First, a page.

Using Neovim for R Users

Are you an R User who wants to try nvim?

Neovim
Linux
Author

Ronny A. Hernandez Mora

Published

September 13, 2022

How to install and config nvim in Ubuntu?

There is a ton of tutorials in the internet about this, but after trying several times, the steps that worked for me are the following:

sudo apt install neovim -y

Then you can validate the version with:

nvim --version

Now that we have nvim installed in our computer, it’s time to configure it. First you need to create the config file that would be in the path ~/.config/nvim/

# Create directory
mkdir ~/.config/nvim/
cd ~/.config/nvim/

# Create nvim config file
nvim init.vim

From there, you will see an empty file. We are going to add some configuration. There are many options to adapt nvim to your needs and lots of examples out there. Here I’m going to use a basic configuration so you can get an idea on what you can do.

To understand the file, take notes on this:

  • Every " means that the line is a comment
  • All other lines without the " are instructions to set your configuration
  • Plug means that you want to use a Plugin. You will need a plugin to manage these. (More on this later)

This is what a basic config file would look like:

" Cursor as a block
set guicursor=

" Use relative numbers in files
set relativenumber

" Line where I'm positioned is the real line number
set nu

" No saving or keeping buffer in the background
set hidden

" Indentetation configuration
set tabstop=4 softtabstop=4
set shiftwidth=4
set expandtab
set smartindent

" Start scrolling until 8 spaces away
set scrolloff=8

" Create extra column
set signcolumn=yes

" Mark 80 characters line
set colorcolumn=80

" Set encoding
set encoding=utf-8

" Plugins
call plug#begin()
Plug 'jalvesaq/Nvim-R'
Plug 'preservim/nerdtree'
Plug 'tpope/vim-fugitive'
Plug 'ncm2/ncm2'
Plug 'gaalcaras/ncm-R'
call plug#end()

A good idea for me is that, when I add a new line of configuration, I will add a comment stating what that command is mean for. That way, it will be easy for me to remember what I was trying to achieve when I made the change.

Instaling Plug-ins

In the init.vim file above, I included already some of the plugins that I want to use when working with nvim. When using the plugins, these should be in the middle of this call:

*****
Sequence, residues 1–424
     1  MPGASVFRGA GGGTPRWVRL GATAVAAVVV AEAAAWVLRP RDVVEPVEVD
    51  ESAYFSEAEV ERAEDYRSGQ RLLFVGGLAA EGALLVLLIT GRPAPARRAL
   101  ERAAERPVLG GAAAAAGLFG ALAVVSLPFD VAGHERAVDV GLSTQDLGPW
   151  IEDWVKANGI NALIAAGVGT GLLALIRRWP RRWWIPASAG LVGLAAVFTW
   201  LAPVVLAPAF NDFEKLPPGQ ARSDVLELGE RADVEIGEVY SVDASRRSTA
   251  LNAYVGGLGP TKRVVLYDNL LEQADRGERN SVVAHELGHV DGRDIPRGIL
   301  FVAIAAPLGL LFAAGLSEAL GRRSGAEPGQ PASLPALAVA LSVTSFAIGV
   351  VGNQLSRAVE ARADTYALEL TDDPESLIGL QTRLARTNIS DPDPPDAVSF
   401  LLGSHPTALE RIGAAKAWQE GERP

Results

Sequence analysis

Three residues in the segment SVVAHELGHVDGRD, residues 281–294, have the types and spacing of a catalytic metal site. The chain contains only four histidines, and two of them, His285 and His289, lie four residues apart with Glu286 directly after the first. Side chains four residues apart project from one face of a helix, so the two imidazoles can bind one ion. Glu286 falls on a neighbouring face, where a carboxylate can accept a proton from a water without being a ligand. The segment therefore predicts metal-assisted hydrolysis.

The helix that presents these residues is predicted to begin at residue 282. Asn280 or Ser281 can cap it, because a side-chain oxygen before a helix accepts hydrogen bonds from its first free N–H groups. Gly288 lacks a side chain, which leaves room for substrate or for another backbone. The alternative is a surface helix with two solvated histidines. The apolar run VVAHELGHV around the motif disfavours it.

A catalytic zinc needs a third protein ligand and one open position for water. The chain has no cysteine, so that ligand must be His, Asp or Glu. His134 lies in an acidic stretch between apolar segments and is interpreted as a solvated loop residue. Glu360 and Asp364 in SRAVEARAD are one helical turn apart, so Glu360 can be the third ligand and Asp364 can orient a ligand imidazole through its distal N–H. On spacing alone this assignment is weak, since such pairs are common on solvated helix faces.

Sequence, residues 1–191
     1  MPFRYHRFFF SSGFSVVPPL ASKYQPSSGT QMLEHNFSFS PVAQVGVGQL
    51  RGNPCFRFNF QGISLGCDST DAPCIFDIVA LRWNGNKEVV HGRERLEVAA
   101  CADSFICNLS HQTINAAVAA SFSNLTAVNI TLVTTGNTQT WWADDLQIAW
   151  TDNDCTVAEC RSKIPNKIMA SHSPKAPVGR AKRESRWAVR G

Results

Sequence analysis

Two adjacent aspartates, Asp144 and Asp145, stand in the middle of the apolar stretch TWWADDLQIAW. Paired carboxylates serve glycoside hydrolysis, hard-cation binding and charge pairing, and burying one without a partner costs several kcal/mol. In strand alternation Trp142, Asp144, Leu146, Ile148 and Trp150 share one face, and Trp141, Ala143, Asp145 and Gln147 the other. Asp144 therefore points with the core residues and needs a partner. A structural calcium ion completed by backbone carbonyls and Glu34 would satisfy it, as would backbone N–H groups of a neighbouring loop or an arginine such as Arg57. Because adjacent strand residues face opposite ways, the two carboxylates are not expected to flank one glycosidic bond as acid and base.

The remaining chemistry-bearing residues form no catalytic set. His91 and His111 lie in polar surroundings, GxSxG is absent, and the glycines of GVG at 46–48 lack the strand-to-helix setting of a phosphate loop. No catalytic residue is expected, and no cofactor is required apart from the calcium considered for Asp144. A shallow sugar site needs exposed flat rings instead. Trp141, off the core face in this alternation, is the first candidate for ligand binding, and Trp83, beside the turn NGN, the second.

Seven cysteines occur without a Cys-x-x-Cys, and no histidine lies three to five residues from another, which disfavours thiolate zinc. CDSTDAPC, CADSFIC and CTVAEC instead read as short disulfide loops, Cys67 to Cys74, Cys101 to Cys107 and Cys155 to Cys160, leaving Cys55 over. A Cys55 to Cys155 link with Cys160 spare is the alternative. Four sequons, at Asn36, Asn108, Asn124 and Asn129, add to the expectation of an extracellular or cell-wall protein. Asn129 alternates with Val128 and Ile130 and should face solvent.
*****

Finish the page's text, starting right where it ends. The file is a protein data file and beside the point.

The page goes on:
call plug#begin('~/.vim/plugged')

call plug#end()

Now, you can see that they are included in the init.vim file, but still are not installed. For this, the first step is to find out a plugin manager.

The one that I like is vim-plug. To install it, you will need to:

sh -c 'curl -fLo "${XDG_DATA_HOME:-$HOME/.local/share}"/nvim/site/autoload/plug.vim --create-dirs \
       https://raw.githubusercontent.com/junegunn/vim-plug/master/plug.vim'

After the vim-plug is installed, you will need to go back to your init.vim document. Then install the rest of plugins with:

:PlugInstall

When installing the rest of the plugins, you will see something similar to:

If I want to know which pluggins are installed, with the following vim-plug command we can check them:

:PlugStatus

nvim workflow for R projects

At this point, we have a functional and adapted nvim for our daily work. Let’s start on what would the workflow look like when dealing with R projects. At first if you already have an R project, you can move on your terminal to that path and open a file with:

nvim my_file.R

This can be done for any R file (Rmd, R, qmd). The configuration will detect the file format and be aware of what it is. Once we have started our nvim session, we need to know a couple of commands to run R from a nvim session:

\rf Connect to R Console

\rq Quit R Console

\d Run current line and move to the next line

\l Run current line, but cursor will stay on the same line.

\pp Run paragraph. But cursor will stay on the same block.

\pd Runs block and move to the next one

\ss Execute a block of selected code. This has to be done with visual mode

\aa Run entire script

\ro Open the “Global Environment”

ctrl + w + l Jump to left panel

ctrl + w + h Jump to right panel

If I made a change on the ~/.vimrc file, I can source it with :source ~/.vimcr

If I have installed the pluggin NERDTree, I need to remap some keys. At the moment I have in my ~/.vimrc file the line: nnoremap <C-n> :NERDTree<CR>, so I don’t have to do :NERDTree to open the file browser. Now this can be done with:

ctrl + n Open file browser on left side by default.

Inside the file tree browser, I can move with the arrows. To expand one folder and show contents, I can hit ENTER. Doing the same in an open folder, will close it.

To move out from the NERDTree browser I can ctrl + w + w so I will be jumping panels from left to right.

Reuse

Citation

BibTeX citation:
@online{a.hernandezmora2022,
  author = {Ronny A. Hernandez Mora},
  title = {Using {Neovim} for {R} {Users}},
  date = {2022-09-13},
  url = {https://ronnyale.com//posts/2022-09-11-using-nvim-for-r-users},
  langid = {en}
}
For attribution, please cite this work as:
Ronny A. Hernandez Mora. 2022. “Using Neovim for R Users.” September 13, 2022. https://ronnyale.com//posts/2022-09-11-using-nvim-for-r-users.